Helpful Posts: 0
16th October 2011, 06:37 AM
Hi everybody. Would like some suggestions on which lens might be better to use to shoot a POW WOW.I have been to a few before but his will be my first time shooting one. I love the colors of the costumes and the dancers.
These are my lenses,
1. Pentax 18 - 55 mm 3.5-5.6 kit lens
2. Pentax smc A-f/1.4 lens. This is an old lens and as far as I know the focal length is 75mm.
3. Sigma Zoom 18 - 200mm 3.5-6.3
I do love shooting manual, but wonder if I should switch to aperture or shutter priority for this type of shooting. Thanks for any suggestions. Rock on! Joe
16th October 2011, 07:40 AM
Re: Pow wow
I'm not really familiar with any of the lenses you listed, but assuming it delivers good image quality, I'd go with the Sigma 18-200mm. The longer lens will allow you to isolate the subject better, and the zoom will certainly give you more options for shooting position. Pow Wow costumes are all very colorful and elaborate, and your subject will be lost in a sea of elaborate costumes if you can't isolate them in the frame. You can also help isolate the subject by shooting from a slightly elevated position, if possible (possibly from the stands?). Be prepared to do some cropping in PP... this is an enviroment rich in distracting elements, and I suspect most of your shots will include things that are best omitted. Of course, some wider shots from the opening procession can be good, too. I'm sure you've given some thought to the possibility of a tripod or monopod, especially if the lens isn't stabilized. Personally, I'd go with a monopod unless you know your shooting position is well isolated from everyone else... a tripod is just asking for trouble in the midst of a crowd (assuming it's allowed at all).
I'm assuming this event will be outdoors, in which case I would opt for either manual or aperature priority. If the light is even and reliable, manual is great, but variable light from passing clouds could alter exposure at inconvenient moments, and when you're focused on the subject, you might not notice the cloud approaching... so aperture priority is the safest option. Just my 2 cents, and I hope it helps. Have fun and post some results!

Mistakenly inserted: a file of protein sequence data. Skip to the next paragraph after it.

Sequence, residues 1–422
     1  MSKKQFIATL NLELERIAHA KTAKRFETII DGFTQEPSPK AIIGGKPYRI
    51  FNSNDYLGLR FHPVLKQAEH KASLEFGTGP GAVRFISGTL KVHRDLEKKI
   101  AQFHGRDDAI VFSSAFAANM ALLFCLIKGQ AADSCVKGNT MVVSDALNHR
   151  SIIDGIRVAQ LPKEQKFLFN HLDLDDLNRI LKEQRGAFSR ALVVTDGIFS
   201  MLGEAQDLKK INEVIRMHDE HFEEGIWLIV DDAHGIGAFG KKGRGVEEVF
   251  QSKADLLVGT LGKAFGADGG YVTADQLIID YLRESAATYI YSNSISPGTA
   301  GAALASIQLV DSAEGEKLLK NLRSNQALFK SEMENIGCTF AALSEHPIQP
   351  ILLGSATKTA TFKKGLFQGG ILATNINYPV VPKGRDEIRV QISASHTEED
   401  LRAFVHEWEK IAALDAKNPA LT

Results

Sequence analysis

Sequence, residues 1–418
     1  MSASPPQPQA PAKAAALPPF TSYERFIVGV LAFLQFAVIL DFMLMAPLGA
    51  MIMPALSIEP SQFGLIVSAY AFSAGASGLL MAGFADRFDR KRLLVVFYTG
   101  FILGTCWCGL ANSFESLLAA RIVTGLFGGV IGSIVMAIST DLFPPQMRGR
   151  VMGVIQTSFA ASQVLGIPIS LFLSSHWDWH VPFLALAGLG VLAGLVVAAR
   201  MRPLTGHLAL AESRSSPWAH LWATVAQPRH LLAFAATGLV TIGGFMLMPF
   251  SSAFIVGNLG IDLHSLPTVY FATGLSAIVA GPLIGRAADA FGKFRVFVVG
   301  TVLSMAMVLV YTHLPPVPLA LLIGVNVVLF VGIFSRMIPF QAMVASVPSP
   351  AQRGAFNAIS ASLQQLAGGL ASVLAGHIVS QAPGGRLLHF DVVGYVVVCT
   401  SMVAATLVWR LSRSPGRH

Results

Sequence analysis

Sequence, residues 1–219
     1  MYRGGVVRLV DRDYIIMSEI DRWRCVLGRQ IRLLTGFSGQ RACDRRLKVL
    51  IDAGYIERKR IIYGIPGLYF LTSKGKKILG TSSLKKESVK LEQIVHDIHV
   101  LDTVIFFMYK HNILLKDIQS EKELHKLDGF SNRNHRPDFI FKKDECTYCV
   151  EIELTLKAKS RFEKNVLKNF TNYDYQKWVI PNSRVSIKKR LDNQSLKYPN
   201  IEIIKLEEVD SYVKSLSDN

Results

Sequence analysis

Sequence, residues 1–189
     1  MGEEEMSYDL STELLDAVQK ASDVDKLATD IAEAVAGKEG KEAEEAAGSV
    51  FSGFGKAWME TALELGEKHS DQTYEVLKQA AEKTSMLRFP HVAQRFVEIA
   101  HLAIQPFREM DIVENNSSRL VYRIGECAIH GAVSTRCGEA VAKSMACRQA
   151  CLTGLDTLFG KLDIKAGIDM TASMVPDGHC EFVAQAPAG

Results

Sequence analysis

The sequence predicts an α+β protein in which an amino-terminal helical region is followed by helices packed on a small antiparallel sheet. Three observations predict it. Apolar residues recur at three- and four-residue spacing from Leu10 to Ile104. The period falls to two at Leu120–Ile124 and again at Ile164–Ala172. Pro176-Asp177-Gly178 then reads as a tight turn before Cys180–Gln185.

16th October 2011, 01:32 PM
Re: Pow wow
My opinion slightly contradicts Al's; which is why they are called opinions not facts.
I agree on the long lens. Unless you can get really close. You need to isolate and fill the frame with the person; absolutely essential.
Tripod/monopod ditto especially if you plan to shoot with motion swirl. Not so important if following my next advice
Where I disagree is aperture versus shutter. I would be shooting at a minimum of 1/250. My preference is for sharp non blurred images of the costumes and dancers. You need to be at least that fast to freeze motion and probably faster if they are twirling. Unless you want the swirl then slow is better.
I would try as hard as you can to get at ground level and shoot from a low angle; sitting down cross legged. I find the low angle more flattering to the subject as it makes them taller and the faces are less compressed'
Have a great time
16th October 2011, 02:31 PM
Can't see the forest for the trees...
"Can't see the forest for the trees" is a very common saying and rings true when shooting in crowds of people.
IMO, you need to decide for each shot whether you want to shoot an overall of the crowd or isolate some individuals or an individual as your subject.
Often, I see images posted that neither isolate individuals nor have the group as their subject. I call these "tween" images and usually they are not very good.
Shooting the group, often requires a wide lens but, often isolating individuals requires a longer focal length shooting at a relatively wide aperture.
One of the problems with many variable focal length lenses is that the aperture gets smaller as the focal length is increased. This often somewhat negates the ability to isolate subjects with selective focus because while the DOF gets shorter as you zoom in, that is compromised by the increased DOF due to the smaller f/stop.
Watching backgrounds and shooting close to people for head and shoulder portraits will often provide spearation.
16th October 2011, 03:49 PM
Re: Can't see the forest for the trees...
Thanks Al, Trevor and Richard. Just reading these 3 posts, I have learned even more. I am a beginner and I love this new hobby of mine. I will take what you guys gave me and put it to good use. I dont have a monopod , but I do have a tripod. I will take it and hope they allow them on the grounds. Cant wait to see the costumes and the dancers. I will post photos when I return. Thanks again. Joe